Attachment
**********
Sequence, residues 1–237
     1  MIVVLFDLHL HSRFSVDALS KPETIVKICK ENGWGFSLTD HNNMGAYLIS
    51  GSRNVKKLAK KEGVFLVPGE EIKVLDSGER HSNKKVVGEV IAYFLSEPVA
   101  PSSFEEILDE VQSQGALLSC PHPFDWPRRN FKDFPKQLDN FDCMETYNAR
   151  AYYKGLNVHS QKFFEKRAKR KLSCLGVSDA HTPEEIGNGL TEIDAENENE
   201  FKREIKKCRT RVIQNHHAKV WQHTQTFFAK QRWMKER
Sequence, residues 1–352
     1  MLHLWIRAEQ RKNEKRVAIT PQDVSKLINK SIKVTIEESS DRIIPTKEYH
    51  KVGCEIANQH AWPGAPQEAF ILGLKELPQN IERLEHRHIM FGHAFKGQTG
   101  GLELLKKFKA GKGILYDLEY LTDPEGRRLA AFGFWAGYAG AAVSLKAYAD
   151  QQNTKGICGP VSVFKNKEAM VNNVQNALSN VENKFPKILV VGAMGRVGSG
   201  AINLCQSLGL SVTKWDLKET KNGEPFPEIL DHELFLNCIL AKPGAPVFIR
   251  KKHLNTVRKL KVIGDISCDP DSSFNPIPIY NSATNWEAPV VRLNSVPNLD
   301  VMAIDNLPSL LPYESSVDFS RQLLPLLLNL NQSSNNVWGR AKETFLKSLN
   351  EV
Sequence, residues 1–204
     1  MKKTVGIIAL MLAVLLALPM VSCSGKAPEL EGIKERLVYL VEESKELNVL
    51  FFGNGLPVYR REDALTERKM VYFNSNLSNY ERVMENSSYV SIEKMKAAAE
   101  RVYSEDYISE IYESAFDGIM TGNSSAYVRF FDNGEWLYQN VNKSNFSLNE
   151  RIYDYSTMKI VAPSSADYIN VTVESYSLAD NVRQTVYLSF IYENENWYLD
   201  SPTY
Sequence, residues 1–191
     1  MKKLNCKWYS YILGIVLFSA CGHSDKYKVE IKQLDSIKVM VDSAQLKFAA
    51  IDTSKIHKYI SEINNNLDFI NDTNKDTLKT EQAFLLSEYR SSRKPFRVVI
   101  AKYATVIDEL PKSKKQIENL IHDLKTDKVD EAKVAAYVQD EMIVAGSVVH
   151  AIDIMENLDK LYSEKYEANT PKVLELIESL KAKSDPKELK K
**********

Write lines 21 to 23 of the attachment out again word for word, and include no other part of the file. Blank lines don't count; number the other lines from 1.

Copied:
   201  SPTY
Sequence, residues 1–191
     1  MKKLNCKWYS YILGIVLFSA CGHSDKYKVE IKQLDSIKVM VDSAQLKFAA